PT: They’re good examples. They’re good citizens [laugh]. They give enjoyment and they give food back. So they really fit nicely into the idea of the home economy being a producing economy, not just a consuming economy. And to me, all of that is a big part of building a civilization of love, and replacing the impersonal exchange of goods and services for money. I mean, what’s money? It’s just a dead thing, it represents something. It’s replacing it with real exchange of things that are of value and meaningful to people, because they’ve invested their time, their labor, and their love in them. So a money-less economy is not just something that communists or Marxists have a right to talk about, but people who have a Christian world-view, and who believe that it is possible to build a civilization of love.

Also worth a full read.

Anyone who can quote both Wendell Berry and John Paul II like that is all right in my book.

P.S.: David sampled one of their Amish Paste tomatoes, and is now praising heirlooms as tasting better. And Rachel was inspired to plead “Dad, can we have chickens?” in the same tones she usually reserves for “Dad, can I have a horse?”

Categories: Agrarian, Distributism, Michigan Tags:

Craftworkers carve growing niche in state's economy

February 8th, 2007 No comments

Some good news for Michigan:

Craftworkers carve growing niche in state’s economy

Dave Kober carves extraordinary fish decoys. Edmund Whitepigeon passes on his basket-making technique to his daughter-in-law. And Edna Harbison sells her hand-sewn quilts at her Ontonagon store.

What do these people have in common? They are part of the rich heritage of an under-the-radar group of Michiganians: craftworkers.

From the state’s 35 weaving guilds to an East Lansing-based store that is the nation’s leading seller of a high-end Swedish sewing machine, craft production is big business, according to a study released today by Michigan State University Museum and the state Department of History, Arts and Libraries (HAL). Study authors think there could be tens of thousands of crafters in Michigan.

New Anglican parish in Livonia, Michigan

January 9th, 2006 No comments

MICHIGAN: First Orthodox Parish leaves Liberal Diocese (

LIVONIA, MI (1/8/2006)–The priest and parishioners of St. Andrew’s Episcopal Church in the Diocese of Michigan, got thrown out of their property, when the bishop, the Rt. Rev. Wendell N. Gibbs, Jr., told the Rev. Allen Kannapell, 36, on Saturday, that he had to vacate his church before Sunday morning services.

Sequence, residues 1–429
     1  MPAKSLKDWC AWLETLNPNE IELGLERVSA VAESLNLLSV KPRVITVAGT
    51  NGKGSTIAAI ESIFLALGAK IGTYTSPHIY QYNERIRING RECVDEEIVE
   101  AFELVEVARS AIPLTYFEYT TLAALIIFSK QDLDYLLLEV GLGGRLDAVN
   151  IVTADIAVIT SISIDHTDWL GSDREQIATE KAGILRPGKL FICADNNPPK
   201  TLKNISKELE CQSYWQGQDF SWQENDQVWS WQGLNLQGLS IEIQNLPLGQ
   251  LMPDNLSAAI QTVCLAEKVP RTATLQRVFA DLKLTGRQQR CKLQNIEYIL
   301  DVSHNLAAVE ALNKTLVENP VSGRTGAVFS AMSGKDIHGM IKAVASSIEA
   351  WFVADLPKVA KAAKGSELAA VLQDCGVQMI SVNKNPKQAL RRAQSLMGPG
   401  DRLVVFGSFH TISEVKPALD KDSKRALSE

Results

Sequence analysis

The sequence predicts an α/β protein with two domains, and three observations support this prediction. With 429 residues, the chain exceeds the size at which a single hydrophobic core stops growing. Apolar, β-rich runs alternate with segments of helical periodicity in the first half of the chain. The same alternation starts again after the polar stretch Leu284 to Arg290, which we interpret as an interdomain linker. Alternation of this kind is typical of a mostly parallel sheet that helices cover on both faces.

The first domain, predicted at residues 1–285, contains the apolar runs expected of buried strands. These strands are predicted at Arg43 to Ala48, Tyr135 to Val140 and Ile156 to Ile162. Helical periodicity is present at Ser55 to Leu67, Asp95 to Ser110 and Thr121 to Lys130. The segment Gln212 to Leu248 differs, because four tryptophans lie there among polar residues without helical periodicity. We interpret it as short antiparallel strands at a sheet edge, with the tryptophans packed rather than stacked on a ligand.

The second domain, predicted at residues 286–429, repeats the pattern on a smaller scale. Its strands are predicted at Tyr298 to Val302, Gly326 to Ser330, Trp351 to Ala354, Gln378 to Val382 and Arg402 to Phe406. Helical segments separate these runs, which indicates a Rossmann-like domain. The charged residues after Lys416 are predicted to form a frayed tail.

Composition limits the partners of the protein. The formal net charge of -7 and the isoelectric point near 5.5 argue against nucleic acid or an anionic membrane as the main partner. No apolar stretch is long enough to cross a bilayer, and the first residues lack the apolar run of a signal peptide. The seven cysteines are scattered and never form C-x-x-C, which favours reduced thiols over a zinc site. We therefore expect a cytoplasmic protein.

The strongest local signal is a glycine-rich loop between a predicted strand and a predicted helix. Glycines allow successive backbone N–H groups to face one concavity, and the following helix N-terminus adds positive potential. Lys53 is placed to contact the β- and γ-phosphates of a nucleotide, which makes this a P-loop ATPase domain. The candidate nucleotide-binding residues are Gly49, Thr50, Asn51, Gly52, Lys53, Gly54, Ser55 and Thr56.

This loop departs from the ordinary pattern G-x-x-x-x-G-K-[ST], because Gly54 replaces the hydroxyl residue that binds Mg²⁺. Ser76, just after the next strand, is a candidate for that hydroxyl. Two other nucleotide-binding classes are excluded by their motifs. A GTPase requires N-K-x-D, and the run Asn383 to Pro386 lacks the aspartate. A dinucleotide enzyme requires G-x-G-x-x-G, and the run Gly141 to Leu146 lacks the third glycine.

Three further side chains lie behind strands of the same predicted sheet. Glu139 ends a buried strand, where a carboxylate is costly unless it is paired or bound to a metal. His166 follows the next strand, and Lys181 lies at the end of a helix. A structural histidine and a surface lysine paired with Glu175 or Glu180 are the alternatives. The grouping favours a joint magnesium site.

This is the first orthodox parish in the Diocese to leave the Episcopal Church over biblical authority and moral relativism. The priest said he was looking for alternative episcopal oversight, but the bishop rejected the idea.

When asked what prompted him to leave the Episcopal Church, Fr. Kannapell said it was the prevailing issues of Biblical authority, the gospel of transformation not inclusion; repentance and new life rather than blessing the old life.

“Bishop Gibbs gave me a chance to renounce my orders. I refused. I told him I was made a priest, and still a priest, but I can’t be under your authority. He said if you don’t renounce your orders I will inhibit you immediately. I refused. He then signed a letter of inhibition.”

We asked if we could negotiate for the property, but the bishop said no, Kannapell told VirtueOnline.

“Basically I was inhibited for seeking adequate episcopal oversight. We had discussed Delegated Episcopal Pastoral Oversight (DEPO) and the bishop had offered it, but we deemed it inadequate because the bishop retained spiritual leadership and authority over the parish. It was not personal, he had everything to do with his leadership.”

On Sunday morning the parishioners of St. Andrew’s met at a local Holiday Inn. Some 190 of the church’s 400 parishioners showed up. Average Sunday attendance is about 200, Fr. Kannapell told VirtueOnline.

Asked why he did not fight to keep the property, Fr. Kannapell said that under Michigan law, the Dennis Canon would have prevailed. He didn’t see how he could win. “We walked away rather than fight,” he said.

Fr. Kannapell said the majority of the church and vestry was unanimous in leaving. The priest had been at the church over three years. Fr. Kannapell has a wife and three small children they are home-schooling.

Their new website can be found at:

One minor quibble with the story — the lead paragraph makes it sound as if the entire parish was barred from the property, when really only Rev. Kannapell is barred due to his inhibition by Bishop +Gibbs.

Not that that matters.

Please pray for us. We had an excellent beginning this morning — 190 people! I’m still in shock at that number. We even had a baptism today, which was a beautiful way to inagurate a new parish